So the correspondence between mindset and behavior and familial relationship is complete. In the end, though, it’s not actually a terrible curse, since Canaan’s charge would be to serve the love and goodwill that Shem and Japheth represent.
Having planted these three seeds in our minds, let’s take a moment to meditate on these ideas.
These images of compassion show how we can help others, rather than being critical, but they also bring to mind how we can have patience for ourselves. Judgment always comes from hell, so we need to practice mercy for everyone.
It can be difficult to overcome judgmental thoughts, but each time you move past one, you’re moving away from hell.
In this segment, Curtis and Jonathan explain Swedenborgian concepts in just one minute or less.
- Jonathan: Money
- Curtis: Divine Design
At the beginning of the episode, we asked how you diffuse your judgmental thoughts. Here’s what viewers had to say:
- Jesus !!! -Kevin Mann
- Remember the mistakes I’ve made and how I needed mercy, compassion, and love. -Heather Bates
- I ask myself how I would react if the person did just the opposite, and realize I would probably find a reason to object to that too. -Will Linden
- Only LOVE man. Nobody should be superior -Yan Mikhlin
- I always feel guilty afterward……normally to diffuse my thoughts I do meditation or go out for a walk. -Bonnie Bowers
- First realize it’s part of the purging process and don’t internalize it or condemn yourself. -michele33 S
- I tell myself that God loves them no less than he loves me if I start to judge someone -Jen Blossom
- Sometimes I think of when I did something dumb when I was in a similar situation. -Phil Bush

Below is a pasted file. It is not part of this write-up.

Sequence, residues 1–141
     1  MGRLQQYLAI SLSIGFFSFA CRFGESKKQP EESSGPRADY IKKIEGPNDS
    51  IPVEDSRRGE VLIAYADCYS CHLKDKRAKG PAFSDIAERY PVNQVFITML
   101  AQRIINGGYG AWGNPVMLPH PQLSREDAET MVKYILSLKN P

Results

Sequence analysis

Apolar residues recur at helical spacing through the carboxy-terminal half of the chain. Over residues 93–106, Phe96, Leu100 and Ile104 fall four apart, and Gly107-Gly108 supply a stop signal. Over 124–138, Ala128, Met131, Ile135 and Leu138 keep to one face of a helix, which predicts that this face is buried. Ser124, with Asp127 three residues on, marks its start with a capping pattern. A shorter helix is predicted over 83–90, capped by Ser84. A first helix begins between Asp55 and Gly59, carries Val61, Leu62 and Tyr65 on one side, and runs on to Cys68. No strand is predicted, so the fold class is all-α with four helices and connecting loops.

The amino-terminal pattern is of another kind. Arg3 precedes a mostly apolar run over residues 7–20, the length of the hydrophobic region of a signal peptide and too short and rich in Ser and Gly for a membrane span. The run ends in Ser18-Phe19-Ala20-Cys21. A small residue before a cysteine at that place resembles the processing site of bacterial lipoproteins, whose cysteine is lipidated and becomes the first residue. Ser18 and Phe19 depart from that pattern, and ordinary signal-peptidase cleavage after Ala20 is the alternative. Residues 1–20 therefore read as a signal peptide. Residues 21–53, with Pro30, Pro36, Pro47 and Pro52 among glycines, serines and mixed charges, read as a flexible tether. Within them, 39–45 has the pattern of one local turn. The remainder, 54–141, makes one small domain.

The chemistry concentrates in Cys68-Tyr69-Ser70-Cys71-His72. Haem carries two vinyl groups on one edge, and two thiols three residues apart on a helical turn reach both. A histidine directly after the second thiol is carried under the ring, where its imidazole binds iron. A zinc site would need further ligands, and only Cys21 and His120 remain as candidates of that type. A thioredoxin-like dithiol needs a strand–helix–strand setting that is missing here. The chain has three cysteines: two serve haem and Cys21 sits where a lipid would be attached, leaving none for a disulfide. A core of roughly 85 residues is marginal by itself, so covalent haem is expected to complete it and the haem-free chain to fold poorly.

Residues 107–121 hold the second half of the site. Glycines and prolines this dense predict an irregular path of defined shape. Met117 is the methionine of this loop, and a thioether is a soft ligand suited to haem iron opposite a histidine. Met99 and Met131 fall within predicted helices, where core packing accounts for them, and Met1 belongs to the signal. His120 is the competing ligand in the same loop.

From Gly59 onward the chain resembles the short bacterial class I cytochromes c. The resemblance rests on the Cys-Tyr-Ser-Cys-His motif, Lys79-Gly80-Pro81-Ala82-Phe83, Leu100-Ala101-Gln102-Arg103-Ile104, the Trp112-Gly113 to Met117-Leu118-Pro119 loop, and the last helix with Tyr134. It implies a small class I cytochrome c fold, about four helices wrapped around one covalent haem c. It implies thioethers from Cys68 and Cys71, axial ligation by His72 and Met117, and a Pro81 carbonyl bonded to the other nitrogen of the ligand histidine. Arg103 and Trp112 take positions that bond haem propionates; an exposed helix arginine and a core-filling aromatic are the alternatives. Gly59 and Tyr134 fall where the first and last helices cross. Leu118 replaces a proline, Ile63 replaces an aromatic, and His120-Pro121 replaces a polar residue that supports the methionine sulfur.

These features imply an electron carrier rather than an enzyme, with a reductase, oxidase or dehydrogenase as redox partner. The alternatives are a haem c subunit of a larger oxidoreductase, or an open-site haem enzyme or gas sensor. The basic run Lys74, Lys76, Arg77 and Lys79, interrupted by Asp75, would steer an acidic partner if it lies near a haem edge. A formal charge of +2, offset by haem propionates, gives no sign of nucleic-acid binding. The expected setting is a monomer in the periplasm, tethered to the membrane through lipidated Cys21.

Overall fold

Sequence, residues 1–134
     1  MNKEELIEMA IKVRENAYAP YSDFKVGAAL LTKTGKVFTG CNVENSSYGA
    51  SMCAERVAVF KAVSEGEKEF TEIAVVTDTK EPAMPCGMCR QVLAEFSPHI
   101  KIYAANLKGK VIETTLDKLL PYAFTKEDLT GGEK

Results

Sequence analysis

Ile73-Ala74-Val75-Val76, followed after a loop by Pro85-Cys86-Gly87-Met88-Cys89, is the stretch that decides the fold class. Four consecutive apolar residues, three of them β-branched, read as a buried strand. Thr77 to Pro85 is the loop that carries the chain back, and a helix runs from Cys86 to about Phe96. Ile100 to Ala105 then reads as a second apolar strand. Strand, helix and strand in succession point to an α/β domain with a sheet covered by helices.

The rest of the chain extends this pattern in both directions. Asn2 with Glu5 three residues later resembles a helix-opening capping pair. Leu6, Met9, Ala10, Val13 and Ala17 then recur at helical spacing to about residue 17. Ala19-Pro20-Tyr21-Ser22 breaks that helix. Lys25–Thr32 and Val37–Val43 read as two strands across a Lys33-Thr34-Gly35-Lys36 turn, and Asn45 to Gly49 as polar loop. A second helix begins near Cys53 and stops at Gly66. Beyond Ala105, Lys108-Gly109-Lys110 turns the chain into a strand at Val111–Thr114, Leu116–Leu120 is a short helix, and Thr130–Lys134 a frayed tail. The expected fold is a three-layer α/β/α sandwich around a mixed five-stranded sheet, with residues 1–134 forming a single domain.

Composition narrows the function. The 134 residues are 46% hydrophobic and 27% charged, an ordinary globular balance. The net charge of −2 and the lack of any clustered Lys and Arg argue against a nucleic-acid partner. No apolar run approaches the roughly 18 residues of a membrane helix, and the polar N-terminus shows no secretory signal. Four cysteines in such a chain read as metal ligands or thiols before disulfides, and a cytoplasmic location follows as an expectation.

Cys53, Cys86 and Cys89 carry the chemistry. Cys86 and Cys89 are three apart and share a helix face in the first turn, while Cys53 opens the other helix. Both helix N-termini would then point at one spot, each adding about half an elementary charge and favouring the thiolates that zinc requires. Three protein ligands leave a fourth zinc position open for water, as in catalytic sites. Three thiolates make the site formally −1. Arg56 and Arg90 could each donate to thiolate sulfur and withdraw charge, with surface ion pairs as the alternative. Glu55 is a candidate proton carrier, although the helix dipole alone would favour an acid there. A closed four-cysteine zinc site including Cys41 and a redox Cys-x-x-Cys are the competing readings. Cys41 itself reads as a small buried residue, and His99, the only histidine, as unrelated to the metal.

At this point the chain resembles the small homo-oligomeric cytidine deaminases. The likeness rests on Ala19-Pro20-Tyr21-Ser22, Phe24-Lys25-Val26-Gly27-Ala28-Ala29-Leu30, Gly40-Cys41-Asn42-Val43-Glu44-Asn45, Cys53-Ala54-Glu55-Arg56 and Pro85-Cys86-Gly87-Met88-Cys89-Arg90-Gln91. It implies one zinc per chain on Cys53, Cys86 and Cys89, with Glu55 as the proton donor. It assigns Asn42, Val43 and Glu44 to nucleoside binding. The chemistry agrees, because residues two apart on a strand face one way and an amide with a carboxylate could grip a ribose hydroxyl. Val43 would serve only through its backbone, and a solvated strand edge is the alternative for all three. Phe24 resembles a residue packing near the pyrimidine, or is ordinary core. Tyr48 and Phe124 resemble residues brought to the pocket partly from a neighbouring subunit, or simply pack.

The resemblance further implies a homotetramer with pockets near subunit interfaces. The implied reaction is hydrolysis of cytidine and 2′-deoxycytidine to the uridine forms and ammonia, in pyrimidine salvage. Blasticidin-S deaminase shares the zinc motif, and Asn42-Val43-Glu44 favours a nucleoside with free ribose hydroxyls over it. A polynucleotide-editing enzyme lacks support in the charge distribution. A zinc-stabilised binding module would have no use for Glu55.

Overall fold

- I dismiss them knowing they come from evil spirits and tell myself to be kind and loving no matter what all people deserve love -Bonnie Gates
- I try to accentuate positive thoughts. I try to place the idea then I am thinking of better times ahead. -mtp358
- Take a deep breath, pause & take the time to respond instead of reacting. -Anne Santos
- I try to put myself in the other person’s shoes and tell myself they are on a path of there own and I couldn’t possibly know how hard that path has been. -Matthew Bush
- Love God by meditating on. His attributes instead Of ruminating on the offender and offense. -FannyFaye Davis
- I stop, breath, and remind myself that there have been plenty of times I too have been stupid. -Maudy Paden
- Thanks to Swedenborg and you guys, I just tell myself, these aren’t my thoughts, and I don’t really feel that way. -Pamela Collins
- “There but for the grace of God go I” or, one of my favorite quotes from [the movie] ‘GroundHog Day’ “Well, I am a jerk”, in other words, our lower selves are all jerks so be kind. -Jon Childs
- It has helped me to try to think of where other people are coming from instead of making snap judgments. -Carrie Parsons
- I think of everything I’ve learned from Swedenborg’s teachings and think, “We are all Angels in training, learning to love.” That very often, halts the harsh, judgemental thoughts. -Pete Dawson
Thanks for joining us—we’ll see you next week!